In a case pending in federal court in New York, Kirschner v. JPMorgan Chase Bank, N.A., No. 17-cv-06334-PGG (S.D.N.Y.), a bankruptcy trustee may upend what has long been accepted wisdom on Wall Street: securities laws apply to stocks, bonds, equity options, and the like – but not to syndicated loans.

Kirschner is brought by the bankruptcy trustee on behalf of a group of “approximately 400 mutual funds, pension funds, universities, [CLO]s and other institutional investors,” and alleges that the banks that led Millennium Labs’ 2014 loan syndication violated state securities laws of California, Massachusetts, and Colorado, among other claims.

Syndicated loans, often referred to as “leveraged loans,” are term loans extended to companies by a group of lenders. Like corporate bonds, syndicated loans are debt instruments that entitle the holder to interest and principal.  However, unlike traditional securities, interests in a syndicated loan are not sold like a bond, but assigned to the new holder.  As a result, only current investors have standing to bring claims against the borrower.  Another difference is that syndicated loans are not offered through a risk-warning-laden prospectus, but rather a confidential information memorandum, or “CIM.”  The CIM is not a public document, and is generally only made available to lenders upon approval of the borrower.[1]

Enter privately-held Millennium Laboratories LLC, a San Diego-based company that performed urinalysis drug testing for Medicare, Medicaid programs, and commercial insurance companies.  In 2014, Millennium Labs teamed up with a group of banks to organize a $1.765 billion term loan to refinance older debt and pay out a substantial cash dividend to insiders.

Less than a year later, however, lenders found Millennium Labs besieged under a barrage of legal threats from federal regulators and civil litigants that would ultimately lead to the company’s bankruptcy – risks that the trustee in Kirschner asserts were well known to Millennium Labs and its bankers but fraudulently concealed from investors in the 2014 CIM.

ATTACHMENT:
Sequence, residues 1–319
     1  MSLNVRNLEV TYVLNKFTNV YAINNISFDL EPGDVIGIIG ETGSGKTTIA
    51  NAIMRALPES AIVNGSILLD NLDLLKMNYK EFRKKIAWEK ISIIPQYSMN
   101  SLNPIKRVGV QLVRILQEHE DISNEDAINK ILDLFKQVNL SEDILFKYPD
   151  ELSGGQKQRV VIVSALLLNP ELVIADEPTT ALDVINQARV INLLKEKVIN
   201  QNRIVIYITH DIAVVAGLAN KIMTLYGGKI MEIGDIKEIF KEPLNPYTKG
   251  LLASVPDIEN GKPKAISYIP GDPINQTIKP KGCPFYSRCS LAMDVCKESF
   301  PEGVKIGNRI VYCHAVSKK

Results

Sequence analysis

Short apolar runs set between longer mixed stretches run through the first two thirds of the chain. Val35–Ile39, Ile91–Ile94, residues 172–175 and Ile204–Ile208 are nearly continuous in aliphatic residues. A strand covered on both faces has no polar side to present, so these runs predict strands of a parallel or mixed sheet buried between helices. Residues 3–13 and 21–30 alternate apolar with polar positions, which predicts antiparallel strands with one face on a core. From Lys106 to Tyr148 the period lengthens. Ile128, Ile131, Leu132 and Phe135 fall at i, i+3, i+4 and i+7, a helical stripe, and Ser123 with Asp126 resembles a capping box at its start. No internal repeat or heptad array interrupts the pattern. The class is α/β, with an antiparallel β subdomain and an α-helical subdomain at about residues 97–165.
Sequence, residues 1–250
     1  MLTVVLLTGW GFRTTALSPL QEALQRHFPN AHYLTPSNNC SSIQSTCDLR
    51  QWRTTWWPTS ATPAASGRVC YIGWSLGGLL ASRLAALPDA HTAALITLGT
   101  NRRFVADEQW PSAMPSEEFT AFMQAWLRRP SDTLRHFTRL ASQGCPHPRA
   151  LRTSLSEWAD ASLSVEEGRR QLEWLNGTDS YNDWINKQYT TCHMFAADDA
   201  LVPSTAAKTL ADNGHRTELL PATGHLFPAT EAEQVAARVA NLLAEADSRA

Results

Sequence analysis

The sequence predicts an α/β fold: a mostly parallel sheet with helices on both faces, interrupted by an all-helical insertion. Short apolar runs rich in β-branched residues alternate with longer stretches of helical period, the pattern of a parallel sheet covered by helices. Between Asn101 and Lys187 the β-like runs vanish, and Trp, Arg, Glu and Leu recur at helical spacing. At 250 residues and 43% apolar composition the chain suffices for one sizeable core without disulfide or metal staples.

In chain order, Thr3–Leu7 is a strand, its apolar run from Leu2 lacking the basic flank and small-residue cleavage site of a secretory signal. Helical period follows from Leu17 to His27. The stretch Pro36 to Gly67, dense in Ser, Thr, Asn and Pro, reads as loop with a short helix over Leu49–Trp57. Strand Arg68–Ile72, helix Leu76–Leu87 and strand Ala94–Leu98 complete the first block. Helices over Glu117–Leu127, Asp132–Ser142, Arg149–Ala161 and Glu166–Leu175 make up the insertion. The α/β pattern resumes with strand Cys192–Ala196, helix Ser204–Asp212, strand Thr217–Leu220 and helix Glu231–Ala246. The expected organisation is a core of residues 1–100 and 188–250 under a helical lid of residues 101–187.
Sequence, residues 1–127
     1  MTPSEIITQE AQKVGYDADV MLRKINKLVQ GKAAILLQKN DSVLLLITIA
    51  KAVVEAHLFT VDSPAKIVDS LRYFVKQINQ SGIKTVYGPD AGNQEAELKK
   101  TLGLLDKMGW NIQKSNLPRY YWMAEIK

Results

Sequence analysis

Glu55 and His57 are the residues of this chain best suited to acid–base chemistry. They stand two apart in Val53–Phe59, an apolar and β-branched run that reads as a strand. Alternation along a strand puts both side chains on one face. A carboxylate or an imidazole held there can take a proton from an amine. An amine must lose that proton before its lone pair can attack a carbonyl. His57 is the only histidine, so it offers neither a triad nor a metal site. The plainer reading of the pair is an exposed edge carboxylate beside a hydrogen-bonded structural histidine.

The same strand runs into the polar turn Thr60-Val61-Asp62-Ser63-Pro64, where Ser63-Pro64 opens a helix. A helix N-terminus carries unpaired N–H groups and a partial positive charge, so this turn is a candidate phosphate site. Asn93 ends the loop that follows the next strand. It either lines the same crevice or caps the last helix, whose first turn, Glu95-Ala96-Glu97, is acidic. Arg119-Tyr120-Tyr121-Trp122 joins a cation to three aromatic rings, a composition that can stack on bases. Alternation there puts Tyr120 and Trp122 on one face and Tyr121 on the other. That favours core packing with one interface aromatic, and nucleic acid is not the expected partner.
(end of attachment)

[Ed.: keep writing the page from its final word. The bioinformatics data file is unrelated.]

As the true depth of these risks was revealed in late 2015 and early 2016, the market value of Millennium Labs’ loan fell sharply:

The secondary market price of Millennium Labs’ syndicated loan during 2016 highlights one of the hazards of this type of investment – as the extent and gravity of the company’s litigation risks were becoming known, Millennium reportedly refused to provide prospective lenders access to the CIM, leading to nearly three months in mid-2016 of no secondary market activity with lenders locked into their stale-priced positions:

As defendants point out in their motion to dismiss, federal courts have for some time agreed that bank loans such as these do not qualify as “securities” for purposes of federal securities laws, citing Banco Espanol de Credito v. Pacific National Bank, 973 F.2d 51 (2d Cir. 1992). Although the Second Circuit did affirm this lower-court determination in Banco Espanol de Credito, the panel cautioned: “We recognize that even if an underlying instrument is not a security, the manner in which participations in that instrument are used, pooled, or marketed might establish that such participations are securities.” Id. at 56.

Further, that ruling was delivered contrary to an amicus brief submitted by the Securities and Exchange Commission, eliciting a vociferous dissent by then-Chief Judge Oakes, who noted:“I fear that the majority opinion misreads the facts, makes bad banking law and bad securities law, and stands on its head the law of this circuit and of the Supreme Court….” Id.

Whether the analysis in Banco Espanol de Credito proves equally availing for purposes of the various state laws that the Trustee in Kirschner relies on remains to be seen.

Defendants’ motions to dismiss the claims in Kirschner have been fully briefed and both sides have requested oral argument.


[1] A publicly filed exhibit in Kirschner offers a rare look at a CIM.  See Decl. in Sup. of Mot. to Dismiss, Ex. B, Parts 1 & 2, Kirschner, No. 17-cv-06334-PGG, Dkt. Nos. 79-2 & 79-3 (S.D.N.Y. June 28, 2019).